So, Sterling won. They got the better artist and, despite Gabrielle’s failure to ask the corporate buyer for a budget and Stephen’s failure to treat the corporate buyers as VIPs (or even, arguably, with real respect) at the gallery, they sold a lot of art that made up for that.
Phoenix lost because they did not sell enough. Tom’s big bet did not come good, although, arguably, one more low value sale could have won it for them.
Lots to learn for both teams.
Fire one from three…
Tom brought Jade and Laura back into the boardroom for the showdown. Clearly, Tom’s demeanour and his risky decision were both instrumental in his team’s losing. Would Lord Sugar fire him for that?
The answer is “no”. He fired Laura and, rightly so, in my opinion. Her contributions have been spirited at times, weak at others, but she never looked like a leader, an innovator, or a star performer. Tom, on the other hand, could go a lot further.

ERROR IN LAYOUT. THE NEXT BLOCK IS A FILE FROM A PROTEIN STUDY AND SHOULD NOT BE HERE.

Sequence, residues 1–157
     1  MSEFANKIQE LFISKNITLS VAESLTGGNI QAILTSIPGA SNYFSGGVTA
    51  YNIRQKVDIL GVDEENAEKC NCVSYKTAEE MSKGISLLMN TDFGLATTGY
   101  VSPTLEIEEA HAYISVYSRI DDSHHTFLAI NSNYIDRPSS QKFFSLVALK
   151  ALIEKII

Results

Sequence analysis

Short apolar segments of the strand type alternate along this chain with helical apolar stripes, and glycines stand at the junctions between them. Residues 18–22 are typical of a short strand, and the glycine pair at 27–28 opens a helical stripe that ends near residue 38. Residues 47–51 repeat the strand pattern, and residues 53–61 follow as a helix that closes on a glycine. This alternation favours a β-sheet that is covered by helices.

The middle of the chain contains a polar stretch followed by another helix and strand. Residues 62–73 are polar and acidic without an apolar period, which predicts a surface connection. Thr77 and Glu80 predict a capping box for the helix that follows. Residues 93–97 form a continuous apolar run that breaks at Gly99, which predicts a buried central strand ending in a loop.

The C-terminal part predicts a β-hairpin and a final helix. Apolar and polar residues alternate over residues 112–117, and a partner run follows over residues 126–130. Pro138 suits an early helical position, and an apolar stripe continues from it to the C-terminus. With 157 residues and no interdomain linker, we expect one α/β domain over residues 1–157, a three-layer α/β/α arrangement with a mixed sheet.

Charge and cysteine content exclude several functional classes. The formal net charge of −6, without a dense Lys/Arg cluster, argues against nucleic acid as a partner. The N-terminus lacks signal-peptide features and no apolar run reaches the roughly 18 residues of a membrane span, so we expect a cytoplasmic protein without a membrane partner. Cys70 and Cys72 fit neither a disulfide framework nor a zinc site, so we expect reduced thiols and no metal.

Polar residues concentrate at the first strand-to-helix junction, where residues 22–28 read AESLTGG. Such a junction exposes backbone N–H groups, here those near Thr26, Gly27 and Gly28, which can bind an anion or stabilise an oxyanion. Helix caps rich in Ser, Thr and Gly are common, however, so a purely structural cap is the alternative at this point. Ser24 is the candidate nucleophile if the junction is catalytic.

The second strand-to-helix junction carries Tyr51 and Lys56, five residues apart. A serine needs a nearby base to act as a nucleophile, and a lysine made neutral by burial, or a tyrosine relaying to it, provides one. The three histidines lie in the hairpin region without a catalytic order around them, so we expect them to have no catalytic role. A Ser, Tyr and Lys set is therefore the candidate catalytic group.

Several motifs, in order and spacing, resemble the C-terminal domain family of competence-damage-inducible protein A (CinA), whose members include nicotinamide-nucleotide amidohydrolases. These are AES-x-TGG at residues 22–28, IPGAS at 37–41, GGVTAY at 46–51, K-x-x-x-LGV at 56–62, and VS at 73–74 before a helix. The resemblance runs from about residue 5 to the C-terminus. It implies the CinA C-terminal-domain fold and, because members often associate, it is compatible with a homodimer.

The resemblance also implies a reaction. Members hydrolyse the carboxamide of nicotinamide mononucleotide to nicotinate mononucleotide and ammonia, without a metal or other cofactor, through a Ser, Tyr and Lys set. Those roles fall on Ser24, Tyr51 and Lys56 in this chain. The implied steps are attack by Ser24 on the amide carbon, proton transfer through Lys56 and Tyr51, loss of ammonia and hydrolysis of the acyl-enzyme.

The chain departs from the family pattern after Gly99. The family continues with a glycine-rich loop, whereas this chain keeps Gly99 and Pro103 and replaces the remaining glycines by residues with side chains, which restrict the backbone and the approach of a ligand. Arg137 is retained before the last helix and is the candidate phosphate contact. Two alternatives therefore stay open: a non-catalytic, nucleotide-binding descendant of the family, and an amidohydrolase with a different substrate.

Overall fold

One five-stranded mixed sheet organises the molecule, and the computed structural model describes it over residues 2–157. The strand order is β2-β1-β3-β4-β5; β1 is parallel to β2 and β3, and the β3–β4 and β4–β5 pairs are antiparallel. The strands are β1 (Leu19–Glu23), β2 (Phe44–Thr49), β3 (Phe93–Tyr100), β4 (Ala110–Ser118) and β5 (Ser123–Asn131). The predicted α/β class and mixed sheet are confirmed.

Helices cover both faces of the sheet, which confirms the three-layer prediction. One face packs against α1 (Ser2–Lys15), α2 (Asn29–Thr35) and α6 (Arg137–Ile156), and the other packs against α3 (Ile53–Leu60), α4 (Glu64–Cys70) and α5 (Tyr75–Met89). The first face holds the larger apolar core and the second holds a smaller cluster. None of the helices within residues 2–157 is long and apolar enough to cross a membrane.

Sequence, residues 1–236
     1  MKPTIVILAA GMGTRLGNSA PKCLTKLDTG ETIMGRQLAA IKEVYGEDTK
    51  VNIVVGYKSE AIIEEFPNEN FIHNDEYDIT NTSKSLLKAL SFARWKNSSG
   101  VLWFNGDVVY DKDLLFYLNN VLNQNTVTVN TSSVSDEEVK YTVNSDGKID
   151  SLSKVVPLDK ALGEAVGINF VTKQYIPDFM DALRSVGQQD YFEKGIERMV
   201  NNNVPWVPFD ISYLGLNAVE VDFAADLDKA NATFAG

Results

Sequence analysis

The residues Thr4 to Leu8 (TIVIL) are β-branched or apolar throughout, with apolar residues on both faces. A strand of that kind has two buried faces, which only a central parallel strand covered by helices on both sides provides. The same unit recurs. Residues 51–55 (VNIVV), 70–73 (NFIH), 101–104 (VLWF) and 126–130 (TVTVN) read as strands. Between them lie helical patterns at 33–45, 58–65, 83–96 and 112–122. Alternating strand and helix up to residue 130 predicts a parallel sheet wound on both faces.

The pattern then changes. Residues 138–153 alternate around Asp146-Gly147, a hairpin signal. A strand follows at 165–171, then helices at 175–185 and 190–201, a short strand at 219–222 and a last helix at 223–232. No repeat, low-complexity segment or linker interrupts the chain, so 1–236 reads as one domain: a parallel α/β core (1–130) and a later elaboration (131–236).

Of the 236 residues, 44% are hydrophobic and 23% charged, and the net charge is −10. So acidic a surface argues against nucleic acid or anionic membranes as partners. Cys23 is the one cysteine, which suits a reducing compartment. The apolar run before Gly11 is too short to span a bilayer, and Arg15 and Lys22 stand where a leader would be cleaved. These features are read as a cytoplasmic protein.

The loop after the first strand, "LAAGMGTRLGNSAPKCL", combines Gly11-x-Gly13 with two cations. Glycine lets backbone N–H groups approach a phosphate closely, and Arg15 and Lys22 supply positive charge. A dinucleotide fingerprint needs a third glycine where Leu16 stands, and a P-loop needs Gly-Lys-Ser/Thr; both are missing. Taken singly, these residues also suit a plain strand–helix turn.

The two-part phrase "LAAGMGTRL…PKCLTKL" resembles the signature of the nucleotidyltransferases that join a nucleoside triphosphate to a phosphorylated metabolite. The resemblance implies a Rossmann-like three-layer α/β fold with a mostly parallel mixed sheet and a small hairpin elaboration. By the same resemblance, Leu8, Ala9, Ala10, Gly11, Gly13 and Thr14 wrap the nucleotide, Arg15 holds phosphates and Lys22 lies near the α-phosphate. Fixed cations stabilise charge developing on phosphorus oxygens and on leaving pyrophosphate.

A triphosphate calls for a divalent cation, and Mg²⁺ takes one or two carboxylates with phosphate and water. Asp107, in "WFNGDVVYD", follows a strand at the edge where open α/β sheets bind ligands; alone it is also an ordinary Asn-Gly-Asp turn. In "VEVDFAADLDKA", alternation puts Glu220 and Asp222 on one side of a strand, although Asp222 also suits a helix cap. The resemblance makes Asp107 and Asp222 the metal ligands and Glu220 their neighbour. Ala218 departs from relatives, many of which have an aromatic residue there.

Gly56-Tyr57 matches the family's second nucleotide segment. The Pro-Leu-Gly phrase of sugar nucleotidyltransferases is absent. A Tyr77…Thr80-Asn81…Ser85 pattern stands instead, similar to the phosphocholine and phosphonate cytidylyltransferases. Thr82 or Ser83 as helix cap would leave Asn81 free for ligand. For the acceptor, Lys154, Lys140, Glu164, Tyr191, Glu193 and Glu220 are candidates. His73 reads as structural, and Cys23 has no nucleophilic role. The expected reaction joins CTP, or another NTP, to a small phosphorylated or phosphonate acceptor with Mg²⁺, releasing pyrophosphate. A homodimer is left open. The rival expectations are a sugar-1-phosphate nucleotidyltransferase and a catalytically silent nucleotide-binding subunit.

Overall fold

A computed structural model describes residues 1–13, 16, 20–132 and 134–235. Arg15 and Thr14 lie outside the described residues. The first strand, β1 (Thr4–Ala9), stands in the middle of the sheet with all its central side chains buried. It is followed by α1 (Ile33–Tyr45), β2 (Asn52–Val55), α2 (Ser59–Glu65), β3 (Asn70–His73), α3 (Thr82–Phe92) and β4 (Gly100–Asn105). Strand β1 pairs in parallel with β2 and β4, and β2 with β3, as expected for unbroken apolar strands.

But why did Lord Sugar forgive two such blatant errors?
I think there are two important considerations that hold a valuable lesson for us.
First, Tom’s failing to impress Pure Evil with his enthusiasm, while showing off his knowledge showed immaturity. In other ways, however, Tom (one of the youngest – possibly the youngest at 23) is very mature for his age. In the boardroom we saw a calm, controlled and assured performance. He looks and sounds like an experienced business person for most of the time – more so than most of his competition.